EDs/CEOs of color were more likely to experience leadership challenges like inadequate salary (49% POC leaders reported experiencing this problem vs. 34% of white leaders); lack of relationship with funding sources (49% POC vs. 33% White); and being called on the represent one’s entire community (53% vs. 23%).

Vu le, Why more and more executive directors of color are leaving their positions, and what we need to do about it

As we best build our organization with the ingenuity and innovation this work demands from us, we won’t ignore that it’s statistically more likely that People of Color, people in rural areas, LGBTQIA people, transgender and gender nonbinary people, disabled people, and other people who’ve been marginalized in our society face often layered and intersecting barriers to structural power. In other words, people with the most insight into the obstacles faced by our clients may not have had the same opportunities to build the formal, documented experience in all areas demanded of a typical Executive Director. Requiring a person to meet the extensive experience in all areas of leadership that we need right now immediately shrinks the applicant pool, shutting out many candidates who might have been ideal to steer FTC towards the future. In addition, knowing that people naturally gravitate towards areas of work that excite and interest them, it may not be realistic or compassionate for Fund Texas Choice to ask candidates to be an expert in all areas of leadership. And it may not be in our best interest to ask candidates to proclaim they do hold that broad expertise.

But expertise is what we need right now.

In redefining our expectations, we’re hoping to broaden the candidate field with the more likely possibility that our candidates have laser sharpened their expertise in more tailored areas, and can contribute more fully in collaboration with each other than having all the answers on their own.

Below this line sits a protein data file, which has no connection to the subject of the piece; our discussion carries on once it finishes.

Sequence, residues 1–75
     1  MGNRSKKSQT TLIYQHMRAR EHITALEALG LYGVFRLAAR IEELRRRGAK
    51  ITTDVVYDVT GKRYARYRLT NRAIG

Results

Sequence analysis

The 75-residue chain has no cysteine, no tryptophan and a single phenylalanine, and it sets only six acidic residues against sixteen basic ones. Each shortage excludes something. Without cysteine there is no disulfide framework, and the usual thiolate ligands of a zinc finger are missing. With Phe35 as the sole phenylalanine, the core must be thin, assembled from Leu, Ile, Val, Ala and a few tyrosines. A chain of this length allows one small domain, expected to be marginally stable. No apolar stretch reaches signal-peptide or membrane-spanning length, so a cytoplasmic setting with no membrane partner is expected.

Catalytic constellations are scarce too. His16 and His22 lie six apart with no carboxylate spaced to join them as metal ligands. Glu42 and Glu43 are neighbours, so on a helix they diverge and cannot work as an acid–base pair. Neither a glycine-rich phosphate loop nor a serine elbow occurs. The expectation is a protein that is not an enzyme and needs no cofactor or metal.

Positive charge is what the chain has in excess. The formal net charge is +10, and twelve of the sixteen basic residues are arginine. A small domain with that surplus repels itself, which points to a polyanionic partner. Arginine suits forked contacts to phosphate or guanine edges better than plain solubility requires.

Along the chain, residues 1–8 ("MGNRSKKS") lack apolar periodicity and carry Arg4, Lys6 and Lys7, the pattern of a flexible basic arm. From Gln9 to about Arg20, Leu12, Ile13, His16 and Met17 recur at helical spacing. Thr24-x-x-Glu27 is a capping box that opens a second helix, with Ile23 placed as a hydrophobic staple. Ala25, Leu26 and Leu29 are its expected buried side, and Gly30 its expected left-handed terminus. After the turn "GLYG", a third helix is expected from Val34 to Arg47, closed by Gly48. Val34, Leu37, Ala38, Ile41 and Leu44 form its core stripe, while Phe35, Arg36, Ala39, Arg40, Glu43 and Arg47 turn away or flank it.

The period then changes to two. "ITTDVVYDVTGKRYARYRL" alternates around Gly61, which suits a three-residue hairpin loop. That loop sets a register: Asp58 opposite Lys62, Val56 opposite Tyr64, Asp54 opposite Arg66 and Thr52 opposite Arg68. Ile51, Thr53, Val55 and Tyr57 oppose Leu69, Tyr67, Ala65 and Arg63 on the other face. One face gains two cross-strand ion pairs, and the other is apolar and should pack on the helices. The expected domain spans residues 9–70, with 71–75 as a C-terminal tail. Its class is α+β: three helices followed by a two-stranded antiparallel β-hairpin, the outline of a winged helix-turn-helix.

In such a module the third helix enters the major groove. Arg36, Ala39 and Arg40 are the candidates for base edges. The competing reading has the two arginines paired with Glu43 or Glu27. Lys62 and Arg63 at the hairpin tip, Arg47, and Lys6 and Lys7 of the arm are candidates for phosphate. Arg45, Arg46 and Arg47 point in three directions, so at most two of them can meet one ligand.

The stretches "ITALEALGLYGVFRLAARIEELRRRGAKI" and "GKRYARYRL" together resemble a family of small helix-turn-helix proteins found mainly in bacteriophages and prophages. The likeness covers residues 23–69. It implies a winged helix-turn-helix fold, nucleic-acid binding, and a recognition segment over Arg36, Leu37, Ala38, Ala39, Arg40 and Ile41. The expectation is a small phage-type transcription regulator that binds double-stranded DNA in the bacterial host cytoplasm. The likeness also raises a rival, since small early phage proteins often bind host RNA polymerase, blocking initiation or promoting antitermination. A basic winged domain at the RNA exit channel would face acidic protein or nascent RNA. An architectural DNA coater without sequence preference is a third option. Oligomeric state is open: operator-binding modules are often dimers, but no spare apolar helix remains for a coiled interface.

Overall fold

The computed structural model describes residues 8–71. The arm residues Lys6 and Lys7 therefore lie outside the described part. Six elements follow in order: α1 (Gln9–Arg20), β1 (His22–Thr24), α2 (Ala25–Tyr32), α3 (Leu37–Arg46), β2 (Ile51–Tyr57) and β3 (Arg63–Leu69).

“A classic stereotype in the nonprofit sector is the Stressed-Out Executive Director. We all know them. They are working long hours, pulled in too many directions, have an overflowing inbox, and are deeply frustrated with the lack of appreciation others have for their endless sacrifices. They make self-deprecating jokes (with a touch of bitterness) about how they have no social life. We are in awe of what they accomplish, but nobody wants their job. Why should we? Long hours, high stress, lack of appreciation… It sounds awful.

So why do we keep doing this to ourselves?”

Ananda Valenzuela, The Executive Director Job Is Impossible

As this new leadership builds and explores new models and structures for what will feel at times like a new Fund Texas Choice, we know our new leaders will face difficult days. We’re entrusting those we hire with the responsibility and autonomy to try things and refine them as they learn lessons about how Fund Texas Choice should evolve. These leaders will be expected to support our amazing program and administrative staff, report to the board and community, approve spending and programmatic ideas, be present in the communities where systemic injustices are named and tackled, shepherd grants and funder conversations, and more. And they’ll be doing it as the first paid people in their positions. Many organizations are in the process of transitioning into a shared Executive Director model; we’re building it in from the beginning of our staffed leadership.